Instead of taking for granted the myths about mass layoffs as a cost-saving strategy, organizations should look for and experiment with alternatives. For reducing payroll costs, consider “‘flexible downsizing”, across the board paycuts, and restructured benefits packages.

Organizations could also look for actions analogous to the ‘saving while spending’ recommendations for thrift-minded individuals to help the collective avoid The Paradox of Thrift. Specifically, organizations should look for ways to invest now (by keeping their workers employed) and then focusing these workers on cutting costs by improving work processes.

Any of these alternatives avoids the “Us versus ‘Used to be Us’ ” dynamic, where the status quo is sustained for some, while all costs are born by the rest. For example:

As Cisco announced yesterday, “Instead of major workforce reductions to control costs, Cisco is focusing on reducing expenses by $1 billion by the end of fiscal year 2009.” (Alas, that’s in addition to laying off 5,000 workers. More on that tomorrow.) Unfortunately, this “cost cutting” is to be achieved by deferring spending and canceling business trips … not by improving Cisco’s overall processes. Still, it’s a step in the right direction and should save some jobs. For more examples, check out Cali Yost’s Downsizing Flexibility Champions: Alternatives to Layoffs Honor Roll over at FastCompany.

It’s complicated.

I’m not an economist, and I don’t play one online, so I don’t know the full extent of macro-economic issues that are triggered by mass layoffs … and what complexities await us if many organizations choose the same alternatives to layoffs. Certainly, nation-wide wage cuts may lead to “debt deflation”, and improving processes that require cash investment now to reduce costs over the longer term may lead organizations to take on too much debt (if corporations can find anyone to lend to them). It’s a complicated picture.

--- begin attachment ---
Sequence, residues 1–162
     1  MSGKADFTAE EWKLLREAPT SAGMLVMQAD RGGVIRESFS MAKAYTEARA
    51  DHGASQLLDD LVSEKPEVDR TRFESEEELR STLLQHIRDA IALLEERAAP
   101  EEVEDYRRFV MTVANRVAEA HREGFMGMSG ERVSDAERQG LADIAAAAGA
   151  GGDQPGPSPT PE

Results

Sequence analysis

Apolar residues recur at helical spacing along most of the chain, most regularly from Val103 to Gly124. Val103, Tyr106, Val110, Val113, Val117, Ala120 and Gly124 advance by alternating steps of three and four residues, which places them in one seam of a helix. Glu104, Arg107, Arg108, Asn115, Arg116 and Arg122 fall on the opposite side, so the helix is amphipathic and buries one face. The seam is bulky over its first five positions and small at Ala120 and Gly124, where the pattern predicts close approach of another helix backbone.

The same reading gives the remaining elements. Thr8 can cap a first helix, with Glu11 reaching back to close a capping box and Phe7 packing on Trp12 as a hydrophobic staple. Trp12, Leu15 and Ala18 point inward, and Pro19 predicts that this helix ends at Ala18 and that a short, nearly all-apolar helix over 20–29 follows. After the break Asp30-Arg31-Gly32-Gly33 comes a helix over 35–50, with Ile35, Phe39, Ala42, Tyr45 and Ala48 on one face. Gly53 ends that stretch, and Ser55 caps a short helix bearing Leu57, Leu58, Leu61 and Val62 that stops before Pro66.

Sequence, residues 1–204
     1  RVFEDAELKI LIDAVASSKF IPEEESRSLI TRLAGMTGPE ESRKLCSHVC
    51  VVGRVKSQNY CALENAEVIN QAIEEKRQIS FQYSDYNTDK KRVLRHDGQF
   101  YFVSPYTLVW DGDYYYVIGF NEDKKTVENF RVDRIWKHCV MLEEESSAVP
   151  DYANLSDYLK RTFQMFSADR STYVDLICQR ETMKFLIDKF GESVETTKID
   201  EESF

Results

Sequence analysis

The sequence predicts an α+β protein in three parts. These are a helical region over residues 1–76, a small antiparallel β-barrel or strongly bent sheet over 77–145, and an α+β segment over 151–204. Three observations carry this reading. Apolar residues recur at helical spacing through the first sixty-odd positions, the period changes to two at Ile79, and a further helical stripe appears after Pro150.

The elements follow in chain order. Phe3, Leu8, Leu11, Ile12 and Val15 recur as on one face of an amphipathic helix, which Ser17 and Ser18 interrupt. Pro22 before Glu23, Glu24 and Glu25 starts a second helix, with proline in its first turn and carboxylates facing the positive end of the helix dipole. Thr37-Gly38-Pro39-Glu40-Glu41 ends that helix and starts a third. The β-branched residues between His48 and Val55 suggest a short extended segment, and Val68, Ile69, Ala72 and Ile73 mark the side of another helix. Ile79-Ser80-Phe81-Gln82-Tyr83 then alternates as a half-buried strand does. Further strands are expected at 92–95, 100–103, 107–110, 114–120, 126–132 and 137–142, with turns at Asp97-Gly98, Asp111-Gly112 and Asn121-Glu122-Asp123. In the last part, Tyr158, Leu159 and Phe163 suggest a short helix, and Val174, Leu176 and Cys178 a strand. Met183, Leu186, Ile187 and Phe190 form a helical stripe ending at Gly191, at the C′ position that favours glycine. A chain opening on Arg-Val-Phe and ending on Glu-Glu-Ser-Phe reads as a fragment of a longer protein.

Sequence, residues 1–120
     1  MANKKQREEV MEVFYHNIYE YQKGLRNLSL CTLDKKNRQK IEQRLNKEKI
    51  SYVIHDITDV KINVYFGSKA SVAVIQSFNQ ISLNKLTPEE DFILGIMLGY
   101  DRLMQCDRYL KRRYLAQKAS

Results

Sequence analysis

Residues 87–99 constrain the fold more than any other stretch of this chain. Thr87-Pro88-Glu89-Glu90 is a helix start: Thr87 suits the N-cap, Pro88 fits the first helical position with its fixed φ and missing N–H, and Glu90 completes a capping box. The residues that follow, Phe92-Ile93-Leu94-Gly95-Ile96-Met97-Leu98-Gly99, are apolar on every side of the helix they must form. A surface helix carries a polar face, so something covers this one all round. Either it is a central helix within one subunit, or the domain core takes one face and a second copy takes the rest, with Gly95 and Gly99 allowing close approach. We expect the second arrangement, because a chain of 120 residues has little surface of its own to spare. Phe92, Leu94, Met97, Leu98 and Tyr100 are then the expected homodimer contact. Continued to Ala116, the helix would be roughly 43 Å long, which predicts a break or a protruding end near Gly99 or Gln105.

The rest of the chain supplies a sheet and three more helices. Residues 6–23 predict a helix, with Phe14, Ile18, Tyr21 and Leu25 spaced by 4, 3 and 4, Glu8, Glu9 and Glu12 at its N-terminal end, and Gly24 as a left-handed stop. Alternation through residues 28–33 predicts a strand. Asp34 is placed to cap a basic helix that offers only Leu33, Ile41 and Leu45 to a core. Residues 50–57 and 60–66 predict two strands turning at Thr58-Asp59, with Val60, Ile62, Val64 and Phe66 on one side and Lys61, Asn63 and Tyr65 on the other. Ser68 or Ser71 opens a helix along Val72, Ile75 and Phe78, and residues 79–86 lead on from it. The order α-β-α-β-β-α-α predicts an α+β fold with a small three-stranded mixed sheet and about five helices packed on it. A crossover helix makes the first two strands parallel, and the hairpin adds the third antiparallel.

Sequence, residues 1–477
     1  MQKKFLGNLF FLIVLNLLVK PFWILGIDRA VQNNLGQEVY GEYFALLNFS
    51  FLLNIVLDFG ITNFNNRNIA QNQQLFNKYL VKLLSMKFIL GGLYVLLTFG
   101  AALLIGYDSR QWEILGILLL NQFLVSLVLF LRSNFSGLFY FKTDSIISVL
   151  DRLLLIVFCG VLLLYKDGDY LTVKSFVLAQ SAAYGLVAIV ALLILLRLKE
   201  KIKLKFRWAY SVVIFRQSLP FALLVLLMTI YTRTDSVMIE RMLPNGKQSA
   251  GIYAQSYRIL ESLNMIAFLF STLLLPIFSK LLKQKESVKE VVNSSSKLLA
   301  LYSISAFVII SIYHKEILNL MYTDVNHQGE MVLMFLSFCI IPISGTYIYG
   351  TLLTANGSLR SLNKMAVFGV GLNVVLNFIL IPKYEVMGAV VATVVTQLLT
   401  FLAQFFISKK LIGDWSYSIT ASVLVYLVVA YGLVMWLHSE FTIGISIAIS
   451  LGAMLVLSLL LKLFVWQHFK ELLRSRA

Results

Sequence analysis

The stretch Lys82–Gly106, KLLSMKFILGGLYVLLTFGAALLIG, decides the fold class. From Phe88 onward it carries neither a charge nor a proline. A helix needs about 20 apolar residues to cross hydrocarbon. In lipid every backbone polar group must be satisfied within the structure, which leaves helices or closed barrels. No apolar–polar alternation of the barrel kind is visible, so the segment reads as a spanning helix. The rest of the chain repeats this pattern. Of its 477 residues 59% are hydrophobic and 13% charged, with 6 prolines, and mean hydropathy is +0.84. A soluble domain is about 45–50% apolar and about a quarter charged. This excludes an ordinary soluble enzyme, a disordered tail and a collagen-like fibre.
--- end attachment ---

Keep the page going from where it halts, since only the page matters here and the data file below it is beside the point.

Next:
Or is it really that complicated?

Why not . .. take a look at this (now infamous) chart and ask, is this really our best of bad alternatives?

Why not … see these mass layoffs as being caused by a callous lack of creativity, rather than as the “inevitable” result of executives making ‘hard’ choices?


Why not … conclude that apologists for layoffs are actually just bad economists?


schmutzie March 3, 2009 at 5:35 pm
Joseph Logan March 4, 2009 at 8:26 am

Excellent, excellent post. Couple of thoughts:

1. I recall seeing a CNN story recently on companies that never lay off employees (AFLAC was one, if memory serves). With absolutely no hard data to back this up, I remember having a very positive image of the ones I recognized. At least for me, that would translate into choosing to do business with them.

2. Most business people are probably very bad economists. Economists sometimes say that morality shows how things should be, while economics shows how they are. I expect executives get the two confused with the rationalizations for their actions.

3. Having been on both sides of the “downsizing” equation, I can attest that these decisions are generally not driven by a systemic view or thought process. The form this often takes is top management handing down an arbitrary challenge (cut budgets by 30%, for example), middle management going through rounds of meetings with spreadsheets and PowerPoint slides to decide where to trim, and HR receiving the orders to sort it all out with employees.

All this is to say, there is benefit in that “why not” question: it exposes what it would take to make a company truly great, and it opens up those systemic ways of thinking.